Investing online in shares of the UK-based but emerging-markets focused bank Standard Chartered has been a thankless endeavour recently. From a 2010 high of around £18.15 a share, the Standard Chartered share price is down around 63% almost a decade on. Current chief executive Bill Winters took over in 2015. Since then the share price has dropped by around a third.
But shareholders who have been patient through the bank’s troubles, exacerbated by an £850 million fine for violating sanctions against Iran, are finally set to be rewarded. Having finally settled the fine with authorities in both the U.S. and UK, Standard Chartered is said to be applying to the Prudential Regulation Authority for permission to launch a huge $1 billion share buyback. It would be its first in almost 2 decades and the news is likely to see the bank’s share price climb when markets open again tomorrow following the Easter Monday holiday.
The application and approval process takes around 90 days, which means the buyback would be expected to begin in late July or early August. Since a 2015 call to investors for $5.1 billion to shore up its balance sheet as emerging markets struggled, Winters has overseen a huge restructuring, involving cutting around 15,000 jobs.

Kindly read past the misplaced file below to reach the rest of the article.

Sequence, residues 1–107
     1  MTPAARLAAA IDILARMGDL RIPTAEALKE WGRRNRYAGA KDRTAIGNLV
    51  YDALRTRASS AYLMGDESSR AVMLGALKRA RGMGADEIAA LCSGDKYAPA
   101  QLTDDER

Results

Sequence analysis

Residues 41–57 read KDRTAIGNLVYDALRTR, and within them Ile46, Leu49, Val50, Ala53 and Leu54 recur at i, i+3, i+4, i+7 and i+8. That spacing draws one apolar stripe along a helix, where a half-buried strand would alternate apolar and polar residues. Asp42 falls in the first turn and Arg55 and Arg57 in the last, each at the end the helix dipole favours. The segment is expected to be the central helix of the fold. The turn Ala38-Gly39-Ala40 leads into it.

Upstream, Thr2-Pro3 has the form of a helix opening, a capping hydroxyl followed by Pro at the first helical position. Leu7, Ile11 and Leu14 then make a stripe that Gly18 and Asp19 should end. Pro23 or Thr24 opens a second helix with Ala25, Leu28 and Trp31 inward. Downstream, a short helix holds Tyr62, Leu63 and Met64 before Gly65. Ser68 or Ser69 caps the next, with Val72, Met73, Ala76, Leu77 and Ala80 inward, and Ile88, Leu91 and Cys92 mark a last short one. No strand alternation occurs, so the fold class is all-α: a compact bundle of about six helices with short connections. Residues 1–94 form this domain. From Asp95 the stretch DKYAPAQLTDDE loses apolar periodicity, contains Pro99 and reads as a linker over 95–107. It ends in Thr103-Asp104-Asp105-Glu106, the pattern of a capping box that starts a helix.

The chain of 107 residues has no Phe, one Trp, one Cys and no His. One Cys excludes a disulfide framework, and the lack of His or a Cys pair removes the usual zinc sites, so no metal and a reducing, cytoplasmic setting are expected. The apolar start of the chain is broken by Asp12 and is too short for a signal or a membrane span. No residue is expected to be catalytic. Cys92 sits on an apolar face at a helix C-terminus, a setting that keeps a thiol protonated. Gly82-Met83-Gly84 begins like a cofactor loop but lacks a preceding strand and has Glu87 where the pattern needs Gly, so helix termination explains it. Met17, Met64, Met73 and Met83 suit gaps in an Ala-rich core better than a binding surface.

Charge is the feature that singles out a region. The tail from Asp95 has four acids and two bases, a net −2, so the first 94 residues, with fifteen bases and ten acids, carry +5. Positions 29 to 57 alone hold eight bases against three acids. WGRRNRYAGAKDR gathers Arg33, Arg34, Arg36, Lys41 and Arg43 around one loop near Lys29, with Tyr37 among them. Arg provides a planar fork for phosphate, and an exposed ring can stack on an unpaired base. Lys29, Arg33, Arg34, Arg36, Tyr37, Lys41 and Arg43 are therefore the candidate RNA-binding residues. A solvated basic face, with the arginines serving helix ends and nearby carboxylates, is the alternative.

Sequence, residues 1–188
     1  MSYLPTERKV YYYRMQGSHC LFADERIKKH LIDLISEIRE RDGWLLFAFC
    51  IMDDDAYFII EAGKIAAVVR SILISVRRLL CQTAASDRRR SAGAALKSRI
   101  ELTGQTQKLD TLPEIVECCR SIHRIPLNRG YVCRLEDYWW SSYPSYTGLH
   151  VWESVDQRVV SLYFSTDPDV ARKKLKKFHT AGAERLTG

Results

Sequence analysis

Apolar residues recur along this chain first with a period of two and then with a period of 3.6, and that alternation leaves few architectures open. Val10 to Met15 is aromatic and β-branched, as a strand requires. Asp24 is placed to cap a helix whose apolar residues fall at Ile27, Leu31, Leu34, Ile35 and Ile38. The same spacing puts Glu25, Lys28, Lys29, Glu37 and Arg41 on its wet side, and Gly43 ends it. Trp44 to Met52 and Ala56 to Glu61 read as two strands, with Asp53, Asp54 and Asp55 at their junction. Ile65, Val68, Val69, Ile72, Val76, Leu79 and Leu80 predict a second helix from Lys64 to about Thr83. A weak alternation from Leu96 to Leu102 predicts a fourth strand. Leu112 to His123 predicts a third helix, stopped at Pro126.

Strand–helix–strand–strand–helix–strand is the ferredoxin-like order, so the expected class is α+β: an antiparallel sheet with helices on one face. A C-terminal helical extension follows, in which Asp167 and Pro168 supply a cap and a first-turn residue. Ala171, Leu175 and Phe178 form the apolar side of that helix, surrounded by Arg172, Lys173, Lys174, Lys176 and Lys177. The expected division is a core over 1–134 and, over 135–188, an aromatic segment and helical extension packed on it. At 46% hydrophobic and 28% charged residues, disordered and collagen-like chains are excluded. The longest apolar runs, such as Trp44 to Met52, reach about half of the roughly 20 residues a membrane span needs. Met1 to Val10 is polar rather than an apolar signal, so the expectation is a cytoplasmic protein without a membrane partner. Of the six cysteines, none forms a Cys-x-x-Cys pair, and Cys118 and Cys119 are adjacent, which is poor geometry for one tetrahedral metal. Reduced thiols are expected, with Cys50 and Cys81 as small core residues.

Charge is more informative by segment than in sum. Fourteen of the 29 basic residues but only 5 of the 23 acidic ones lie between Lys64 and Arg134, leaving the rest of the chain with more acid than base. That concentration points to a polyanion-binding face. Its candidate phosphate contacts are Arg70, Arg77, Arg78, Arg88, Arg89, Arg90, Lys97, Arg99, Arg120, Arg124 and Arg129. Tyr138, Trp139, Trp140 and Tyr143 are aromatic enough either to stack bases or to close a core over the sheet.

Standard Chartered is again back in a healthy financial position and even paying back around £1 billion to shareholders would leave it with a strong capital buffer. Rather than a one off, Standard Chartered plans to keep up the buybacks at a consistent level over the next four years. That would add up to roughly what it raised during its 2015 rights issue. Analysts have commented that just modest loans growth should allow the bank to achieve that goal relatively comfortably.
The news will please major investors such as Singaporean sovereign wealth fund Temasek, Standard Chartered’s single biggest investor with a 16% stake. The fund has been putting pressure on the bank to increase the pace of progress after it missed several revenue and shareholder returns targets over the past few years.
However, the bank still has plenty of work to do. It has recently been criticised for a change in the way it calculates pension contributions, including base pay and a “fixed-pay allowance”. Winters’ received a £474,000 this year which amounts to 20% of his basic salary plus various bonuses. However, if only calculated against base pay the percentage rises to around 40%. Investors advisory group Glass Lewis is urging investors to vote against this change to how executive pension contributions are calculated, urging a return to setting them against base pay only.